29 August 2016

'Orange' water at Berlayar Creek

Berlayar Creek is a lovely natural stream edged by wild mangroves right next to Labrador MRT station. A boardwalk with two look outs allows you to enjoy the wildlife that live there.
I had heard that there was 'pollution' from upstream works that was starting to affect the mangrove trees there. The water in the Creek was indeed very orange, reminding me of the time when clay from a worksite was discharged into a mangrove at Punggol. But I didn't see large numbers of dead trees. So far, the mangroves seem good.


On Friday 26 Aug, the tide was high and I did a quick check on the stream next to the MRT station. The water was very orange, but the trees looked green and healthy.
On Sunday 28 Aug, I returned for a closer look. The tide was low and the orange layer was more obvious here.
The water was orange and opaque. An orange layer coated the banks from the high water mark downwards.
The roots of mangrove trees and the lower leaves that are submerged at high tide were coated in orange. If the orange stuff is clay and it hardens, it may make it difficult for the tree roots to function properly.
Small magrove saplings were also coated.
There were spongy mats of seaweeds growing on the banks, dotted with little snails. They were also coated in orange.
I continued to see the orange water and coating as I walked along the boardwalk towards the sea.
 At the first lookout/shelter, the water was still quite orange and opaque.
But the surrounding mangroves were still lush and green.
As I walked closer to the sea, the water became less orange. And the coating of orange on the plants seemed less severe.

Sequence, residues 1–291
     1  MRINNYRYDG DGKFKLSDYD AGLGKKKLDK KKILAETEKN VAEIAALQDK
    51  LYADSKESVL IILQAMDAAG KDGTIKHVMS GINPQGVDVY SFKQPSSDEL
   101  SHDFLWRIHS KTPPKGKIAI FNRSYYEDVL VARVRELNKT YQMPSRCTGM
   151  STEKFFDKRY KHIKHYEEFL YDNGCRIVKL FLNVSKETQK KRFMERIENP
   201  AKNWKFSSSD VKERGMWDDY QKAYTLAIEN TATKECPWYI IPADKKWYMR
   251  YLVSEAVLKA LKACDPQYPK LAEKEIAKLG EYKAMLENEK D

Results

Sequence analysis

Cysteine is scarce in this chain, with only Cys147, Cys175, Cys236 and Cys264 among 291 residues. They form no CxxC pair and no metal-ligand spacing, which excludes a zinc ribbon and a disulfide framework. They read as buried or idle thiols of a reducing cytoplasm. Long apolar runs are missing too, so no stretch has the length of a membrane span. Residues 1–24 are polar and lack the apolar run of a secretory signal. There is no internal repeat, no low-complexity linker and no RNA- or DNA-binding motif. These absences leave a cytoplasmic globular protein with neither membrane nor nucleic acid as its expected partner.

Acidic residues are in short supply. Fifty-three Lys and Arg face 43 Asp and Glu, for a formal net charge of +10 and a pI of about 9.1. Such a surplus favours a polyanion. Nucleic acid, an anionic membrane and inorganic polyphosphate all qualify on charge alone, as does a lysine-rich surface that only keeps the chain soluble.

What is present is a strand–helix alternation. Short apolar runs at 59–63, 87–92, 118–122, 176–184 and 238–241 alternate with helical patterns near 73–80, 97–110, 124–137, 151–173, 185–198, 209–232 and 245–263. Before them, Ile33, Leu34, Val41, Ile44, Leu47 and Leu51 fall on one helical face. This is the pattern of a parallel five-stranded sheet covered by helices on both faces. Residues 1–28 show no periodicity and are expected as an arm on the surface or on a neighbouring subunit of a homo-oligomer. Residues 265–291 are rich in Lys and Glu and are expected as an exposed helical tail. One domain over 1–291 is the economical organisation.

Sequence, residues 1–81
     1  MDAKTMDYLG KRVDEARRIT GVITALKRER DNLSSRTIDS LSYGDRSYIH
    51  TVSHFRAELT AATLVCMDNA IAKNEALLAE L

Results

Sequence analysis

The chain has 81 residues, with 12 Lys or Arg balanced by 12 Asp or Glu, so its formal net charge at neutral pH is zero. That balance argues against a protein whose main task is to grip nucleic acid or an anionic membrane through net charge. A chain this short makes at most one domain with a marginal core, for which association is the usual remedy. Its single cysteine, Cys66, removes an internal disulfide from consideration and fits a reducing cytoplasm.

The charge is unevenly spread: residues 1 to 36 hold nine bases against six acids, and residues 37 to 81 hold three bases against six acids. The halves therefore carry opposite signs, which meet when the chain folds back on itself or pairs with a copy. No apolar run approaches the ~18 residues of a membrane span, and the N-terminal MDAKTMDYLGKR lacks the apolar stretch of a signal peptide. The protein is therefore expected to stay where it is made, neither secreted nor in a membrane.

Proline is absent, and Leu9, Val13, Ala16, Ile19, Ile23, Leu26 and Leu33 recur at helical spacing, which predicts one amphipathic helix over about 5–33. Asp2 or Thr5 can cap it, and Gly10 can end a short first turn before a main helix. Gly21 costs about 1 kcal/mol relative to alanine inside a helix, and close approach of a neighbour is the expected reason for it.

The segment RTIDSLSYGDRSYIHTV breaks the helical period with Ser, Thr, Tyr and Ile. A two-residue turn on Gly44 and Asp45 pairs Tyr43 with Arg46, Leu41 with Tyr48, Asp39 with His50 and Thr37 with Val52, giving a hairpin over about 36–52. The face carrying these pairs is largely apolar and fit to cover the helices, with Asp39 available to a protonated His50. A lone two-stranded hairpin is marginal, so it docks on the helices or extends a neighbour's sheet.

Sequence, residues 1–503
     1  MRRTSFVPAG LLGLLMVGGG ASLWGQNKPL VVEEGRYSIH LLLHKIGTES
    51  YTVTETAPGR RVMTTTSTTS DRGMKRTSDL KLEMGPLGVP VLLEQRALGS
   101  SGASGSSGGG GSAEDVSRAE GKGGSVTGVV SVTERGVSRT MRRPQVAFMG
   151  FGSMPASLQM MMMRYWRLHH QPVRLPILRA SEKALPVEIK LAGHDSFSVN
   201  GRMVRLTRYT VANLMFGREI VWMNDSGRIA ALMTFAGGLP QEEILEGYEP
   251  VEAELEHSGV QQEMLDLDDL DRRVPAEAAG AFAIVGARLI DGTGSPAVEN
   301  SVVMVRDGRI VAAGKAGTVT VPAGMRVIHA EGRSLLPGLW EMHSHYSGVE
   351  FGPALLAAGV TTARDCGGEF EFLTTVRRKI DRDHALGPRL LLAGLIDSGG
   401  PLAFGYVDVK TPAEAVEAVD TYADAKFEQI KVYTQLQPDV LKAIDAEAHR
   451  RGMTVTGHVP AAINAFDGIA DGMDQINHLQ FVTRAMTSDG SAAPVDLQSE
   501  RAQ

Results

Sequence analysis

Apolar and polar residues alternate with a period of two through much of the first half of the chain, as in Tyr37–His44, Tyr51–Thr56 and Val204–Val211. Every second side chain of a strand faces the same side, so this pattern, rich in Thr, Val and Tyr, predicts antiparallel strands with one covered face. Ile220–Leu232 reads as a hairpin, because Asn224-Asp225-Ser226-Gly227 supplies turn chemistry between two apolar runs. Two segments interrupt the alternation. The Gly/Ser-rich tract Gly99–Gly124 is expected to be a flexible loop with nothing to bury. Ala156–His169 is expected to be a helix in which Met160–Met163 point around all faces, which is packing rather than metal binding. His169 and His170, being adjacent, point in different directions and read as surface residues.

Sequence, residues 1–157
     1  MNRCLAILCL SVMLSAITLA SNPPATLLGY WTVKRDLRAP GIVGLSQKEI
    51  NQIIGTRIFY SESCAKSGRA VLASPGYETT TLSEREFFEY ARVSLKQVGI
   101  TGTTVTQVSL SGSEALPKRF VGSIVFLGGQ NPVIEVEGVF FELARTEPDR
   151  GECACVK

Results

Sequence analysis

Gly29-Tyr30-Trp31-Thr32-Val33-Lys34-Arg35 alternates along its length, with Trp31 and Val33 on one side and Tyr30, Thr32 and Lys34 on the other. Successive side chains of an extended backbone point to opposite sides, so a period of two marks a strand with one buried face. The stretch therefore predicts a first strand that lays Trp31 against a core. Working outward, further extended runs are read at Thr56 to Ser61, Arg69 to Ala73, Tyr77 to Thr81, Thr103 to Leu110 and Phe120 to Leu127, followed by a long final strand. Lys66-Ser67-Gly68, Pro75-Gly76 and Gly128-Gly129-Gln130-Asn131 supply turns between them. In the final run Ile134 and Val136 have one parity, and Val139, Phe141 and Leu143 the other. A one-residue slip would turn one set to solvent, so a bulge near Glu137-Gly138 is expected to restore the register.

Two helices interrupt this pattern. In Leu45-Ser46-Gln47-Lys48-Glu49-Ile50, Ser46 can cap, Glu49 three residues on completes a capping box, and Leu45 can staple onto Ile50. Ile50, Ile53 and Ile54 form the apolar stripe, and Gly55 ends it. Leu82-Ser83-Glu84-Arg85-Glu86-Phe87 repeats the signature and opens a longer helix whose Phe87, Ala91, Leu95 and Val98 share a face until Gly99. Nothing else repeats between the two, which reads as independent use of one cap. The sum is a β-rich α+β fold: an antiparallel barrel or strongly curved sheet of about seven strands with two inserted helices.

The water at the second lookout/shelter was not so orange, and more greenish. It was also quite clear.
The water at the mouth of Berlayar Creek was the usual greenish, with an orange tint.
Trees were lush and green even along side Keppel Golf Club.
The water along the seawall at the Berlayar extension of Labrador Park was the usual greenish and quite clear. There were, as usual, many people fishing along the seawall.
Many of the mangrove trees and plants were blooming and producing fruits and propagules.
During my stroll, I came across a cute little Plantain squirrel, as a lazy Malayan water monitor.
I also came across a few birds.
At first, I thought it was a bird's nest, but it's a hornets' nest! This is why it is dangerous to bash through mangrove forests! The song of cicadas also rang out through the mangroves.
Last year, I was lucky to see otters in Berlayar Creek. Hope they don't get affected by the orange water.
Smooth-coated otters at berlayar creek
Near the MRT station, a father pointed out turtles to his kids. He said he sees them all the time. I saw one and I can't be sure what it is exactly. If they are red-eared sliders, they are freshwater turtles and will probably not do well in seawater. Oh dear. Please don't release your pets into the wild. It is cruel and may harm the ecosystem too.
Just before heading back, had a look at Sentosa's last bit of natural rocky shore and cliff at Tanjung Rimau as the haze eased up.
Oh dear. Is some kind of plant clearing going on at the upper slopes of the cliff? Hope it doesn't affect the stability of the slope or the special wild plants that grow there.
The team last visited the shores at the mouth of Berlayar Creek in Apr 2016 and saw some wonderful marine life.

I do hope the 'orange' water will be resolved and that it doesn't harm the mangroves or marine life at Berlayar Creek.

High res photos of 'orange' water at Berlayar Creek for download on flickr here







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